Casting a Low-Budget Film? Here’s How You Do It

Posted on Posted in Industry Advice

Filmmaking isn’t cheap. If you were planning to pursue this as a mere hobby with no ROI, you must be rich. We’re talking about cameras, lenses, audio equipment, lights, editing software, transportation, food, and people working for you. A popular route for first-time filmmakers is to use friends and family as actors. But it won’t be long before they think it’s a waste of time and your audience finds the acting sloppy. Post casting calls that says unpaid, and people get angry at you. Keep it secret, and your unpaid actors will tell everybody. 

So how did small-time filmmakers do it? Here are straightforward tips to cast actors for low-budget or no-budget films.

Here’s How Low-Budget Film Productions Cast Actors

Local actors


Do you really need to cast A-list celebrities for your no-budget film? That’s not even a question. Sure, it would be cool to cast a well-known and well-loved actor. It will bring investors, credibility, and flocks of fans to your project. The actor will probably bring experience that you will learn from. But first of all, you can’t afford them. Second, you can’t be confident enough to direct them the way you want to. Third, they are well protected in many ways by their agents and lawyers. There are actually ways to cast them for low-budget films, but we highly suggest you don’t do that. Instead, check with local actors. There are super talented actors hungry to find a great role. In fact, most cities have a pool of underrated actors chomping at every bit of opportunity to book a job.

Don’t say that this could lead to paid work in the future. Don’t try to sweeten the pitch by saying you’ll give the actor social media and IMDb credits to create the illusion you’re offering more than just travel expenses. Pay for them if you can. They won’t cost as much, so try to negotiate their fee.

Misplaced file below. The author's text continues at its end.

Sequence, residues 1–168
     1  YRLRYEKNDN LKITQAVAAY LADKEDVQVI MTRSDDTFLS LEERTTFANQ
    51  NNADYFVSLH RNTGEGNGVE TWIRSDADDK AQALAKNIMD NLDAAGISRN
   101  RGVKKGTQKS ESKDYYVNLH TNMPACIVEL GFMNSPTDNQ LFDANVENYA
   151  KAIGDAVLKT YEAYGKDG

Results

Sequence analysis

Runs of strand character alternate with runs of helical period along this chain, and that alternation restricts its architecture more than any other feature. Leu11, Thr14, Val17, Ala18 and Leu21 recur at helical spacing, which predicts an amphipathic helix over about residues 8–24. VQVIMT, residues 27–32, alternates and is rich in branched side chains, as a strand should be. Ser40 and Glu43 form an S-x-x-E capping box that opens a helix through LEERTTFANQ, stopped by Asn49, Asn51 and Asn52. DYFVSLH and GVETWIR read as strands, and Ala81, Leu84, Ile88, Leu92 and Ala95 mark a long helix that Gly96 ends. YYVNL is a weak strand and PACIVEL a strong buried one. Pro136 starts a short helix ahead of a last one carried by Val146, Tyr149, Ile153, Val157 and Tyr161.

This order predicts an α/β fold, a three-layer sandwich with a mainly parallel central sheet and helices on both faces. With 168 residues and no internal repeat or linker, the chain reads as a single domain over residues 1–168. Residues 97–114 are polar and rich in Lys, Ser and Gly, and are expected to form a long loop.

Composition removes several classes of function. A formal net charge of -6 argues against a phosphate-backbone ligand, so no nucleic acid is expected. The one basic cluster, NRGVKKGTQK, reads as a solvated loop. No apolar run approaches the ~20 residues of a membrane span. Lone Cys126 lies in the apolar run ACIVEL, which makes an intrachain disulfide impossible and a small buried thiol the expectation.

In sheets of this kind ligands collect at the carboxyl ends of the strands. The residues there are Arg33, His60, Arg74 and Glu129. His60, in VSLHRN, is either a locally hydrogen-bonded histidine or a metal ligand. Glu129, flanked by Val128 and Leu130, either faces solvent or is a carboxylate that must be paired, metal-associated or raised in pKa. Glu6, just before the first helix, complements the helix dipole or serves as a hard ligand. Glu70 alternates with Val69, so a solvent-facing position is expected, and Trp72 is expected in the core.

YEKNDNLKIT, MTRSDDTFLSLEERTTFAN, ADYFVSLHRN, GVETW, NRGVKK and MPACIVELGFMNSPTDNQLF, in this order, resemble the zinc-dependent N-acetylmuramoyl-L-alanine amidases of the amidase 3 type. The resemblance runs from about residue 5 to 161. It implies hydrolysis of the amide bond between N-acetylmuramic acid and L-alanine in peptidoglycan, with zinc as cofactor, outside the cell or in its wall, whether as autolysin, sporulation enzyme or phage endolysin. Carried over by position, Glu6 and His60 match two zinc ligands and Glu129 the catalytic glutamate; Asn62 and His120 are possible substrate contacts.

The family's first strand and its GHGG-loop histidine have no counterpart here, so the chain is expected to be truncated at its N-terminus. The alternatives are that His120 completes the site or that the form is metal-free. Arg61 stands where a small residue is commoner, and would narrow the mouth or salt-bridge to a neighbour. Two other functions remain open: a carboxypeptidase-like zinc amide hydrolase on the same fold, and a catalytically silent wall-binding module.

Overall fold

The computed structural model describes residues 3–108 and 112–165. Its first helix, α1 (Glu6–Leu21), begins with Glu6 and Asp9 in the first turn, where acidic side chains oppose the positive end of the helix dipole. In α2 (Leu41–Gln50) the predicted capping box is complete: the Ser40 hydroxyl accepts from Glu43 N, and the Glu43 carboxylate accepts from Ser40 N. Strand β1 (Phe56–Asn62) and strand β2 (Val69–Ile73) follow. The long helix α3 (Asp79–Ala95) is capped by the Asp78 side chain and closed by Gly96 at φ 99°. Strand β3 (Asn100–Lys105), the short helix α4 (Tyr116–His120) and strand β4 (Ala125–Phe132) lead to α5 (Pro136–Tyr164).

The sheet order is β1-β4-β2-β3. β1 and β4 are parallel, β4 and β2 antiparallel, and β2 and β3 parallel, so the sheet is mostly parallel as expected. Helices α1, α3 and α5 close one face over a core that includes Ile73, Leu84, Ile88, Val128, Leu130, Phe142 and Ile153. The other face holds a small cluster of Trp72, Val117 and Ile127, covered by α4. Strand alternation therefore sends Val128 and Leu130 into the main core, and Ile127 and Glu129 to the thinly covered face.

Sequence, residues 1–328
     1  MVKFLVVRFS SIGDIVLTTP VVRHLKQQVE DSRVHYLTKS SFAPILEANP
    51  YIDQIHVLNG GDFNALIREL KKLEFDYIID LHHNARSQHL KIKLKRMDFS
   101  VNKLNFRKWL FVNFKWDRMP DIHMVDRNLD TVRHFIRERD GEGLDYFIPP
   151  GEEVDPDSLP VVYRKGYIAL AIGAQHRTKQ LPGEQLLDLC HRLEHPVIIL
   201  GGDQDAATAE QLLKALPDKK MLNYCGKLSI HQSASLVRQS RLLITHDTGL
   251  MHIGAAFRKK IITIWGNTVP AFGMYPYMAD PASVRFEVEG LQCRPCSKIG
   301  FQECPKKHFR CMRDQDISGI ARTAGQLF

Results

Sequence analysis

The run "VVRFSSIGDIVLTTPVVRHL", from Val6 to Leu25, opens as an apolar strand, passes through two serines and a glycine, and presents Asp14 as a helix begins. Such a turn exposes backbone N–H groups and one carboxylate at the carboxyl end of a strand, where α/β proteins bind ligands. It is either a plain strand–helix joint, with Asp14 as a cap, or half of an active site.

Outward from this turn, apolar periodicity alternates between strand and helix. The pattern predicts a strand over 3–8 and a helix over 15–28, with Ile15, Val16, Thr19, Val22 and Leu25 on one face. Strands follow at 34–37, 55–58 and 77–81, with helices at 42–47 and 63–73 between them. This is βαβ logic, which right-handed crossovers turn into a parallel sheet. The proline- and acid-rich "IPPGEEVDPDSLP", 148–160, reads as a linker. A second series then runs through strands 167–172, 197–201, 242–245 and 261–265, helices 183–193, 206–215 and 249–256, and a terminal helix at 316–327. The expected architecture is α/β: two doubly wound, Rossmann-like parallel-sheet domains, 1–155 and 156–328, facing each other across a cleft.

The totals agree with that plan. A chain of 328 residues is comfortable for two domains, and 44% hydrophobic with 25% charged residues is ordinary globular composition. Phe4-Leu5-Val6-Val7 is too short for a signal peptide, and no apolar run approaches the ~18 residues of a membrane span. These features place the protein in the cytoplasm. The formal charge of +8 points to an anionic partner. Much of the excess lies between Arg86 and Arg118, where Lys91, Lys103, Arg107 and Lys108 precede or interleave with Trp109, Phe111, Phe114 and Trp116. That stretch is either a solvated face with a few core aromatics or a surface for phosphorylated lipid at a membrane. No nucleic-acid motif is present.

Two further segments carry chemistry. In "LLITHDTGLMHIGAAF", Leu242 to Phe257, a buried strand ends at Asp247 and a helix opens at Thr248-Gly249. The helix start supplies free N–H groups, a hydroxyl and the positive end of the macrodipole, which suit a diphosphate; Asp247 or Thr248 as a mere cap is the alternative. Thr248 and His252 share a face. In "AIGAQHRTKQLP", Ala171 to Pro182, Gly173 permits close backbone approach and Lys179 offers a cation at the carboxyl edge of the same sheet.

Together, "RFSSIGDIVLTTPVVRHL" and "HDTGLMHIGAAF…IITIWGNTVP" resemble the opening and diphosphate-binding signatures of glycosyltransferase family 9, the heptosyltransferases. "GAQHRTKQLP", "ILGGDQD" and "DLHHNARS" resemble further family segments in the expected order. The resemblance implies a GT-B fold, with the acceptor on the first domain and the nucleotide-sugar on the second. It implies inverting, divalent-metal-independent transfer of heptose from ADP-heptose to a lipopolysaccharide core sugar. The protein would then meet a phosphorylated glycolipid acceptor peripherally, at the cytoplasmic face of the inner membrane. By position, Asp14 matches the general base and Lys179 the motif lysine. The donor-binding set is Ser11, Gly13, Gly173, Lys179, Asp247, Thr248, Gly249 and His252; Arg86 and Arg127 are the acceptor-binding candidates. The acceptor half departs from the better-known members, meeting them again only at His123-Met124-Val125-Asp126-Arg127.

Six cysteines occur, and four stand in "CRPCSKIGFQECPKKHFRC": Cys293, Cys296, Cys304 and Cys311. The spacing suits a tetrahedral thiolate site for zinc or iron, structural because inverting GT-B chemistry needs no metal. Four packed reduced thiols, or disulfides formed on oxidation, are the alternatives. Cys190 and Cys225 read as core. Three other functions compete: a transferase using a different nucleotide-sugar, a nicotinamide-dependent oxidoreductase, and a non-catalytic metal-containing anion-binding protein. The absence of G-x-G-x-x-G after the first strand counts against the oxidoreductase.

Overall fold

Trading services

Offer them your service in return for working in your film. Basically, you get yourself an actor for free and the actor receives reel footage or a digital download / DVD of their clips in return. Sometimes you can sweeten the deal by throwing in your services. If you have the lighting and camera equipment, tell them you can capture high quality headshots for free! This will make any struggling actor happy as headshots are expensive. Alternatively, you could lend them your editing skills and help them when they have enough clips to put a showreel together. They acted for free, so you edit their reel for free. Sounds fair.

Deferred payments


If you’re making money from your content, you’re certainly going to have to pay your talent. Independent filmmakers usually plan on releasing their films online or submitting them to a local festival or placing content behind a paywall like Vimeo On Demand. When the money starts rolling in, give everyone involved the cut they deserve. It may be best to seek legal advice for agreements like this as you may face legal ramifications in the unfortunate event that you can’t uphold your end of the bargain.


If you’re sure your film makes money, reach out to local community members, friends, and family that can donate $1,000 or more and pay them back when the time comes. Pitching your low-budget film to these investors will entail a lot of planning. You should already have planned out how to sell the movie. Are you planning to self-distribute this to independent cinemas? Or put it up on Vimeo On Demand?

Another way is through crowdfunding. Start a Kickstarter campaign or attract patrons on Patreon. You can also reach out to your local film society and ask about fiscal sponsorships and grants. A lot of mid-sized cities have an organization like this that will sponsor your project with them if you are a member or are willing to become one. Those memberships sometimes come with added bonuses like office space to use and equipment rentals.

Small-time filmmakers have done it. You can too. Good luck!

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